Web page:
Skip navigation
× You have 2 more free articles available this month. Subscribe today.

Fourteenth Amendment Not Violated By Arrest Without Probable Cause

The U.S. Supreme Court held that an arrestee's allegation that his
arrest without probable cause violated substantive due process did not
state a claim under 42 U.S.C. § 1983. The petitioner surrendered to
police upon issuance of a warrant charging him with the sale of a
substance resembling an illicit drug, and was subsequently held over for
trial. Charges were later dismissed as Illinois had no law prohibiting
such acts. Petitioner brought a § 1983 action against the charging police
officer, claiming his Fourteenth Amendment right to substantive due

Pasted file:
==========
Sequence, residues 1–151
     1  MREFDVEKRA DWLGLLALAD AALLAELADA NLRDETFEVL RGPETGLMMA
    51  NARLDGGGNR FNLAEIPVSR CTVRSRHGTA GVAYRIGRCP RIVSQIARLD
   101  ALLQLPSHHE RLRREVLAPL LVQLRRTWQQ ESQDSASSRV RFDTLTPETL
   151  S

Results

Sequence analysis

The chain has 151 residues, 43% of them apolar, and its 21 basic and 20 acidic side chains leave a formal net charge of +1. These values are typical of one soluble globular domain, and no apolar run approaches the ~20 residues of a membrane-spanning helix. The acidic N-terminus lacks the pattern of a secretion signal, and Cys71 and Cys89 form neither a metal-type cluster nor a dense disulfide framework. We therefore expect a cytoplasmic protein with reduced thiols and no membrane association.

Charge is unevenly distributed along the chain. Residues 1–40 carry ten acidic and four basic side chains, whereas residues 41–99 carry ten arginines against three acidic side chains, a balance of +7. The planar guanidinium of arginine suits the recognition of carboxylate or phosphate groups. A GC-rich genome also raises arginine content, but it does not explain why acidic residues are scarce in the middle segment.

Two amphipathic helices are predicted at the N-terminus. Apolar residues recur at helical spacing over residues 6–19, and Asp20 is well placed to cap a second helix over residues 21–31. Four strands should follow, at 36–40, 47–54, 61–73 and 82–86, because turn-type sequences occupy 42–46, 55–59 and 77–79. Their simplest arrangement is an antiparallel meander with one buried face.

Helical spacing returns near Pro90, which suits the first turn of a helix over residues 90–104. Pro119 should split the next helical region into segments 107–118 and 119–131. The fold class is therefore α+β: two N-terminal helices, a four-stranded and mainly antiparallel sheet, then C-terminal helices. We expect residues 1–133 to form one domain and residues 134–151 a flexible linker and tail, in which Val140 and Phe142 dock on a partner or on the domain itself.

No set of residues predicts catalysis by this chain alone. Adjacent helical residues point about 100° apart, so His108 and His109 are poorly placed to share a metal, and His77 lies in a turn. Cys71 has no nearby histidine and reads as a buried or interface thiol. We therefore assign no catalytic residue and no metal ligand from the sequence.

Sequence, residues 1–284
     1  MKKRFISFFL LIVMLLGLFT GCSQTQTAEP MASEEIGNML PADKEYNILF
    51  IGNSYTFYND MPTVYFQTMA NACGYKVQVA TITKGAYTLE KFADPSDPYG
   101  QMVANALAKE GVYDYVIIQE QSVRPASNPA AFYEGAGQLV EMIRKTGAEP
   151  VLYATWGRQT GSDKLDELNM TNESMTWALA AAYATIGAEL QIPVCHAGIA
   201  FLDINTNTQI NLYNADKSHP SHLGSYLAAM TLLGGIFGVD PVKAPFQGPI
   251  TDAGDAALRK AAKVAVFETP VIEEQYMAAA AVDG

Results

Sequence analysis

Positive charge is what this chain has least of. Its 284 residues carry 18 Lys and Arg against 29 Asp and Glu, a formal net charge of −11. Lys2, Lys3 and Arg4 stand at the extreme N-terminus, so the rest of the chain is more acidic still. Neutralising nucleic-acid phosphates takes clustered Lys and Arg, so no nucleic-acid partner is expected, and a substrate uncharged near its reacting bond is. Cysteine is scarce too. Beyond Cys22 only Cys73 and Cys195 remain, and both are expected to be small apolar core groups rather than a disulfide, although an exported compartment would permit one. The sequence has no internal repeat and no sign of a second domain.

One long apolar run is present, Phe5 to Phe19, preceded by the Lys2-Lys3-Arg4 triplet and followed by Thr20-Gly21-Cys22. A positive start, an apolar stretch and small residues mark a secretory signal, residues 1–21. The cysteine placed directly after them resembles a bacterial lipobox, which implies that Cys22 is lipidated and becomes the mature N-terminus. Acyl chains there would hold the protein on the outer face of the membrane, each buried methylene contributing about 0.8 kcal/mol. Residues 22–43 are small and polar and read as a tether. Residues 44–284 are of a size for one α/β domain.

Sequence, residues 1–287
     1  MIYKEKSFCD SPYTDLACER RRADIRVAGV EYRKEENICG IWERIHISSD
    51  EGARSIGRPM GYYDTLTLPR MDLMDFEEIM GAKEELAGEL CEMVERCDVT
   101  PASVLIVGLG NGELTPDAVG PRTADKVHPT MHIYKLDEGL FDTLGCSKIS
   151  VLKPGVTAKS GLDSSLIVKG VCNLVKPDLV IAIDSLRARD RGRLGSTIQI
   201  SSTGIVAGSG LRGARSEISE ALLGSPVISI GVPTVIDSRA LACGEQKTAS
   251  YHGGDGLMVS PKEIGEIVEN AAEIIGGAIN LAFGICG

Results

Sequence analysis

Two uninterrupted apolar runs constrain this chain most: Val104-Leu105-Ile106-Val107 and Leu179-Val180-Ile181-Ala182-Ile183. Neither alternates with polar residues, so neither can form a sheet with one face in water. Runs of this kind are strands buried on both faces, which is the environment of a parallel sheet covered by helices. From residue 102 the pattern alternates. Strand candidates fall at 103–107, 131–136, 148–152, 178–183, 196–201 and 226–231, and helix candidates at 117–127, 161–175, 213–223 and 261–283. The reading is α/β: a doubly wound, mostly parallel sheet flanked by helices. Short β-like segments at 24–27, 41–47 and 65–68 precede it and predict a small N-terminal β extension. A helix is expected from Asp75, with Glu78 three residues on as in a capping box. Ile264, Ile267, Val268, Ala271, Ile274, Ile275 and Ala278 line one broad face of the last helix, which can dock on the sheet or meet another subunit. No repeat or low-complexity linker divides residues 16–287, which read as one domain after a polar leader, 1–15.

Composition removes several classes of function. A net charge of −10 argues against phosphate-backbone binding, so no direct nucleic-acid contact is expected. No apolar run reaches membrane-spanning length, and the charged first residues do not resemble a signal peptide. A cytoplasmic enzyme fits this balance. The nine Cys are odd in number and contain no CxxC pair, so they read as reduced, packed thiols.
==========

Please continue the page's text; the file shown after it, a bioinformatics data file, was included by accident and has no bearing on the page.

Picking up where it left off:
process was violated. A U.S. district court dismissed, and the Court of
Appeals for the Seventh Circuit affirmed at 975 F.2d 343 (1992).

The U.S. Supreme Court also affirmed. Citing its general
reluctance to expand the concept of substantive due process," the Court
held that petitioner's contention that his right to substantive due
process was violated did not support a claim under § 1983. The Court
implied, however, that the Fourth Amendment, which has been held relevant
to deprivations of liberty in criminal prosecutions, may have been a more
appropriate vehicle under which to seek relief. See: Albright v. Oliver,
510 U.S. 266, 114 S.Ct. 807, 127 L.Ed.2d 114 (1994).

As a digital subscriber to Prison Legal News, you can access full text and downloads for this and other premium content.

Subscribe today

Already a subscriber? Login